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Thursday, December 12

What's a Reverse Total Shoulder?

In the past 15 years, there has been a remarkable advance in the world of shoulder surgery in the form of a new type of shoulder replacement called a "reverse" total shoulder.  In surgery, it is rare that something truly new comes along.  The reverse shoulder replacement represents a real improvement in a surgeon's ability to treat severe shoulder problems.

A Diagram of a Reverse Shoulder Replacement
What's new about it?  Unlike a standard shoulder replacement, the ball and socket are completely reversed.  In a normal shoulder replacement I remove the ball and socket and replace them with a new metal ball and plastic socket.  In a reverse total shoulder,  the metal ball actually goes on the socket side of the shoulder and the plastic socket is placed on what used to be the ball side.  Because the ball and socket are now opposite from their normal position, they are "reversed"--thus the term "reverse shoulder replacement."

Why is it needed?  What's so great about it?   Before the reverse total shoulder, there was no good way to treat the combination of shoulder arthritis and severe rotator cuff tendon tear.  We could treat shoulder arthritis with a regular shoulder replacement.  We could treat a tendon tear with a tendon repair.  But the patient with both of these problems at once could not be effectively treated.  There was literally no good answer for someone with that combination of problems.  The reverse total shoulder replacement was developed to provide a solution to that problem, and so far it has proved enormously successful.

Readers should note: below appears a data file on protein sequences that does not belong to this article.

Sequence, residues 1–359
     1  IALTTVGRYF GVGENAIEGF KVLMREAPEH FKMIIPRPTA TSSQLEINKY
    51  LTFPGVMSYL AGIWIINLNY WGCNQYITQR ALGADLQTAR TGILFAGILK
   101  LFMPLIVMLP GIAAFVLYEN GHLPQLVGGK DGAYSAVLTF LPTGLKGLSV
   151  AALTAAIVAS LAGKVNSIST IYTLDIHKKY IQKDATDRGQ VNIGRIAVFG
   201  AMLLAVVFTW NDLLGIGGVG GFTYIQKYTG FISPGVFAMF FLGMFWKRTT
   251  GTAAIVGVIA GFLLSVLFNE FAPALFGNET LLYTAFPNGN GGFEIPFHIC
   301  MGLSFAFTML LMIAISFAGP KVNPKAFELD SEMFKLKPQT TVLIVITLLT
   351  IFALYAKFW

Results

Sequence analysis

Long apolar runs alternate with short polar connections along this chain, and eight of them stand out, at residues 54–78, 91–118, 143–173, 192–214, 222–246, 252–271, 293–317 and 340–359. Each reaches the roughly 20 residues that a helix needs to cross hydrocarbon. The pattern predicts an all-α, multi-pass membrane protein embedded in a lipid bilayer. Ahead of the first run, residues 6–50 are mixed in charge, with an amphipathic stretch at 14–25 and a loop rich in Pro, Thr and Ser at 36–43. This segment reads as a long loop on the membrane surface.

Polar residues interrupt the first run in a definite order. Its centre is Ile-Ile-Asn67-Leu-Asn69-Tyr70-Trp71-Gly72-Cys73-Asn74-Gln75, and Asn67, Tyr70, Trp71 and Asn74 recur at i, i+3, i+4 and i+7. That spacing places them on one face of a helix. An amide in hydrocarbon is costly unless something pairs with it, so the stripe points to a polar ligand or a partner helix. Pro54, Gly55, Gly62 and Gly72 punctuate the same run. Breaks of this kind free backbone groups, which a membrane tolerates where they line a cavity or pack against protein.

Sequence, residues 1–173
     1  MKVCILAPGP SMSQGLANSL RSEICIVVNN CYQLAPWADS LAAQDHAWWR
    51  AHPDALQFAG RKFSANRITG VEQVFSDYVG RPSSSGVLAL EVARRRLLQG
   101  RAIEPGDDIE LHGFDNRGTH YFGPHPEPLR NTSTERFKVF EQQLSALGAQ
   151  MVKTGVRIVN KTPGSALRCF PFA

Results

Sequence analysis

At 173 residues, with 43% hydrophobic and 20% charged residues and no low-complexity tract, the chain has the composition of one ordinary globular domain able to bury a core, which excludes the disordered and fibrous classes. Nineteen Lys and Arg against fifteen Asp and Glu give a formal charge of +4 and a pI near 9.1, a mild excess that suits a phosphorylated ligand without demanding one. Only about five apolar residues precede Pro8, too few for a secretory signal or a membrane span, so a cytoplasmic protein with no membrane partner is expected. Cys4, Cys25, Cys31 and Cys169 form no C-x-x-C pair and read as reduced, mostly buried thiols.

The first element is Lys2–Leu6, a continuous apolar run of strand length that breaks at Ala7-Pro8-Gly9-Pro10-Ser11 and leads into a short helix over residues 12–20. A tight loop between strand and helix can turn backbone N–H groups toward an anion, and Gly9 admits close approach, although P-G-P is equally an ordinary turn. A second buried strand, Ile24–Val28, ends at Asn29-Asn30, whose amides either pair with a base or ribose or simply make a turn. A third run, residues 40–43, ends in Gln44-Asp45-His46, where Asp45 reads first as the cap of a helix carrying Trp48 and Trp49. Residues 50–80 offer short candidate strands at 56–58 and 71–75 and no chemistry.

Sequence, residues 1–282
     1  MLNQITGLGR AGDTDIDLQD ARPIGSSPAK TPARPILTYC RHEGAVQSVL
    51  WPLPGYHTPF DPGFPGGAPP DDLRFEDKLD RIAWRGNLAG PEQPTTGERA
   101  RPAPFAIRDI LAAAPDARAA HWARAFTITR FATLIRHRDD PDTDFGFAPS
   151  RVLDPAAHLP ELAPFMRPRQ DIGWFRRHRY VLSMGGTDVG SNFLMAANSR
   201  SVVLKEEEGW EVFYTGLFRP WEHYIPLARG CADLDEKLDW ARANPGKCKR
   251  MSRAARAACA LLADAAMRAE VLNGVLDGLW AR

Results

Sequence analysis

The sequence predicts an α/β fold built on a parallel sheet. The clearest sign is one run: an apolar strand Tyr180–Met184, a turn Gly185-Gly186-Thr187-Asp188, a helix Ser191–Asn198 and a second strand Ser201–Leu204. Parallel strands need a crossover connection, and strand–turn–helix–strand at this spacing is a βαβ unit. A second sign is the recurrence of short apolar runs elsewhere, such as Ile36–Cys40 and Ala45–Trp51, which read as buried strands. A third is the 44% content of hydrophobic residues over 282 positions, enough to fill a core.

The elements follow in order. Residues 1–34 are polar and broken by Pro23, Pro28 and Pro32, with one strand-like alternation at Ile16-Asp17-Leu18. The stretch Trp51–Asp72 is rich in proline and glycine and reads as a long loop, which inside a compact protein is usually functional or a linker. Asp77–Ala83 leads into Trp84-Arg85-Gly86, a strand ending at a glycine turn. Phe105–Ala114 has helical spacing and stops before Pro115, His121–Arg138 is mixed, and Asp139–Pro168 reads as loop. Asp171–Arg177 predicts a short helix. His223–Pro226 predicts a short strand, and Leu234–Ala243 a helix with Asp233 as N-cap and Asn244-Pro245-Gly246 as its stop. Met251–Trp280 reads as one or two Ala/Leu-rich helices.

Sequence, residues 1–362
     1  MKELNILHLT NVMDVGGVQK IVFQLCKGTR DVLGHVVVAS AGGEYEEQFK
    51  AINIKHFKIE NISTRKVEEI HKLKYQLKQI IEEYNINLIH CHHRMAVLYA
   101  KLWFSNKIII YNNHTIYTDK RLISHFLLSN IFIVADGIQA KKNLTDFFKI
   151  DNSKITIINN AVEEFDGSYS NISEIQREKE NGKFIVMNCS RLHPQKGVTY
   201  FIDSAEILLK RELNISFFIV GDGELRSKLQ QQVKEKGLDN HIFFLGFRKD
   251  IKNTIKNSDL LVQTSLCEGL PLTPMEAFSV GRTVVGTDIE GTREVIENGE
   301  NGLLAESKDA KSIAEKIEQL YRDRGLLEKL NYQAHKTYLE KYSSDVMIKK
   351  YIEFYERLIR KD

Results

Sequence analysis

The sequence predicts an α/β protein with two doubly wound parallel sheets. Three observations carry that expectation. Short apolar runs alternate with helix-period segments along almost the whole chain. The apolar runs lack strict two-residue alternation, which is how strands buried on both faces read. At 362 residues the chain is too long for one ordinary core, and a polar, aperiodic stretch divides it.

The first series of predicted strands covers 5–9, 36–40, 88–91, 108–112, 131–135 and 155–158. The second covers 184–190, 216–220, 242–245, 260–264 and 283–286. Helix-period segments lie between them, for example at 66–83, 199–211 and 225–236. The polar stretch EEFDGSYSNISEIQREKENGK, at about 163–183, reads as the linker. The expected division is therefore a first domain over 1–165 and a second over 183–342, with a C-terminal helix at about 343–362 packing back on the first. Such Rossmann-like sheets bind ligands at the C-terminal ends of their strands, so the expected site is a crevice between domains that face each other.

Reverse shoulder replacement is only appropriate for a small number of patients with a very specific set of problems.  In my shoulder practice, I perform about 30-40 reverse shoulder replacements a year. Like any surgery, there is a risk of complications, and any decision to proceed with a replacement should only be undertaken after a careful evaluation and discussion with your surgeon.

To read more about reverse shoulder replacement, the American Academy of Orthopedic Surgery has a nice summary for patients at

Thursday, December 5

New Shoulder Study: An Alternative to Cortisone Injection

A May, a new study was published in the Journal of Shoulder and Elbow Surgery which suggests an alternative to cortisone injection for people with shoulder pain.  For years, cortisone injections were given to patients with longstanding shoulder pain, because it works effectively to decrease inflammation.  This new study looked at a different medication, called toradol, to decrease inflammation in shoulder pain.  The researchers compared an injection of toradol with an injection of cortisone for people with pain in their shoulder. 

The result:  both medications worked to decrease pain and improve function.  However, the patients who received the toradol injection had better improvement in function and pain at the four-week mark compared with those who received cortisone. 

This information is quite useful, showing that there is an alternative to cortisone for patients with shoulder pain.  In my practice, I usually use toradol injections for patients who have not had benefit from cortisone.  This study may change my practice, and I may be more likely to recommend toradol instead of cortisone.  However, it is possible that the type of cortisone injection matters:  I use a long-acting cortisone medication, while this study did not.  Also, cortisone injections may give quicker pain relief, important for someone with significant pain.

Overall, though, this study is good news for those with shoulder pain, expanding the options for treatment.  To read more, here's the link to the study: